Former Eagles forward Pete Scantlebury takes his Sheffield team into tomorrow's BBL curtain-raiser against Newcastle fully expecting his former employers to still be one of the teams to beat this season.
Despite concerns from Eagles supporters over the club's failure to replace the firepower lost after the departure of Andrew Sullivan, Charles Smith and Jeremy Hyatt, Scantlebury is convinced that Fab Flournoy's side will still be challenging for honours.
He said: "I expect the Eagles and Rocks will be up there, but Guildford, Plymouth and Milton Keynes have all brought back the nucleus of their squads and I think they will be challenging to win things.
"Newcastle are a tough team to start with, they've brought back the majority of their team, so they are a step ahead of us there. But they've lost three key players, so they may not be in synch, and this may be the best time to play them."
Scantlebury will be desperate to get one over on Flournoy after losing out to the player who helped him win Commonwealth bronze back in January four times out of five last year. The Eagles will face the Sharks at the English Institute of Sport for the first time, although if they are expecting to take advantage of their opponents possibly feeling like strangers in their new venue, they are set to be disappointed, according to Scantlebury.
He explained: "It's a great place to play, and with fans on both sides it should have a good atmosphere. Hopefully, practising and playing at the same venue will be an advantage for us."
Better news for Newcastle fans is that Shawan Robinson is due to jet into the country tomorrow morning and, barring any unforeseen delays or complications, will be able to get to Sheffield in time to make his debut for the club.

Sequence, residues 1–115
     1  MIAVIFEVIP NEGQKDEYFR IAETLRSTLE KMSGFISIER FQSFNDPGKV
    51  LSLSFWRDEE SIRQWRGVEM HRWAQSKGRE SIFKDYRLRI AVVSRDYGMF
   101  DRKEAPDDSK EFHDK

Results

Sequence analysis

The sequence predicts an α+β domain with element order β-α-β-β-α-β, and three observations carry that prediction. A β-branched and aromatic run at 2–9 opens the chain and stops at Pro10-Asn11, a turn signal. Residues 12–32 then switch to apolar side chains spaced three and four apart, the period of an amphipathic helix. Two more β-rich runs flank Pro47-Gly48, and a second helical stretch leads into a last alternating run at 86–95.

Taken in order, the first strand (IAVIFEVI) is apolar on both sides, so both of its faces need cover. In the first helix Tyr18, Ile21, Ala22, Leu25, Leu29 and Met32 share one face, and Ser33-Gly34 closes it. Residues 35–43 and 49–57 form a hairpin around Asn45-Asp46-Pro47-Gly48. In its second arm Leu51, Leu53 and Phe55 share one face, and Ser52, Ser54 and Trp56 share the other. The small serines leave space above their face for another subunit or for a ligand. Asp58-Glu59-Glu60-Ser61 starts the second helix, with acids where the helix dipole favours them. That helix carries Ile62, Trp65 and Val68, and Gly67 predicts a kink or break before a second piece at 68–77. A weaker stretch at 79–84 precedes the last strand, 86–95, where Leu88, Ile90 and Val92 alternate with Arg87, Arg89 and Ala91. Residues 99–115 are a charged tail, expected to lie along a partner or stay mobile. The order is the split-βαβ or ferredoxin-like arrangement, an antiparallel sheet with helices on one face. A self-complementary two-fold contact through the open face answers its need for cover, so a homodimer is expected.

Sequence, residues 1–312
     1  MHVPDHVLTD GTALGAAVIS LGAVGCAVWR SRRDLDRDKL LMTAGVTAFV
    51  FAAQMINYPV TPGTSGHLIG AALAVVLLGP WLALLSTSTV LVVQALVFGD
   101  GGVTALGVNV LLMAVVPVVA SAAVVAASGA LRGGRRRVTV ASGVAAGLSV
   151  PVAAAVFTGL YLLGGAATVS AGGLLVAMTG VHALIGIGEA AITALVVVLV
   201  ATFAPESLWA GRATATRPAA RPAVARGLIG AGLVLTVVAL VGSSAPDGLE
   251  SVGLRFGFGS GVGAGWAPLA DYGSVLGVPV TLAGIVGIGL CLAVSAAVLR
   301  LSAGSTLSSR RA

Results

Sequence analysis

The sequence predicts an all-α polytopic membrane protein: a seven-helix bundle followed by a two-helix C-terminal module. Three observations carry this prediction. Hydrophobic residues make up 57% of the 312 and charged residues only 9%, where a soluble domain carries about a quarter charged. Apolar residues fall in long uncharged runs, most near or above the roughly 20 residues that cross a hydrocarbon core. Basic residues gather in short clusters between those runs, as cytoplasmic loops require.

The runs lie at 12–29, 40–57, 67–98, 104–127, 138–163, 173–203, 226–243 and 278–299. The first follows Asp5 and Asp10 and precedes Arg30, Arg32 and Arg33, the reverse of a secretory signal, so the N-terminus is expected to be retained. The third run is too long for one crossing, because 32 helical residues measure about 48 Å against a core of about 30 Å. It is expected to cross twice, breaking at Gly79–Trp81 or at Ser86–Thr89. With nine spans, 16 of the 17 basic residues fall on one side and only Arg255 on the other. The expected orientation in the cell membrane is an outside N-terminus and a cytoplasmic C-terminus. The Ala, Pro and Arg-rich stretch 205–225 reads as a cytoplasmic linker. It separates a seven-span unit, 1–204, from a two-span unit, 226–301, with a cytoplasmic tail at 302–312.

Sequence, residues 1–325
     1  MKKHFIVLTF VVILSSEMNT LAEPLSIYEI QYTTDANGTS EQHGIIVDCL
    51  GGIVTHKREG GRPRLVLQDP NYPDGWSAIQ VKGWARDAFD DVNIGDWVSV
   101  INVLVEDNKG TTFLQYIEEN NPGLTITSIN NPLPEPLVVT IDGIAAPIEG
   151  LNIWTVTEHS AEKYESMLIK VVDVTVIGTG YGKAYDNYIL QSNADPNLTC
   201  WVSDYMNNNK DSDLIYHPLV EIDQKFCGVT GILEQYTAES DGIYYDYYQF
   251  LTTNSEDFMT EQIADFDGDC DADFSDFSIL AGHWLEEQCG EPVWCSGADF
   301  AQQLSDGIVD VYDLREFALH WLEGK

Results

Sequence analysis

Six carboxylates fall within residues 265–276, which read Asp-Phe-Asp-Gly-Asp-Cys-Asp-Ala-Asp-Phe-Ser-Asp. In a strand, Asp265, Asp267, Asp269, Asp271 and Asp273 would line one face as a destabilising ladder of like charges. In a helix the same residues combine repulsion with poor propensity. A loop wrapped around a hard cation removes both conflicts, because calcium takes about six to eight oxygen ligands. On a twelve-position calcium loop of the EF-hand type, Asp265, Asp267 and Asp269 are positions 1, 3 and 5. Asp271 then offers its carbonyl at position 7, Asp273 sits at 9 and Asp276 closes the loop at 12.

Meanwhile, the ongoing Chris Haslam saga shows little sign of reaching a conclusion with the Springfield Honda-backed club eager to take the Great Britain centre on a month's deal while they assess their longer-term options.
Understandably the veteran is only interested in a season-long contract although the more time that Haslam spends on Tyneside practising with Flournoy and his players without signing for London or Leicester, the more chance the Eagles have of concluding a deal.
Having said that, Blake and Flournoy aren't willing to compromise and are continuing to work overtime to identify a suitable import forward to draft in.
The problem is that if they don't sign Haslam in favour of an American, it is likely to mean they will have to wait up to another two to three weeks for a work permit and visa to be issued.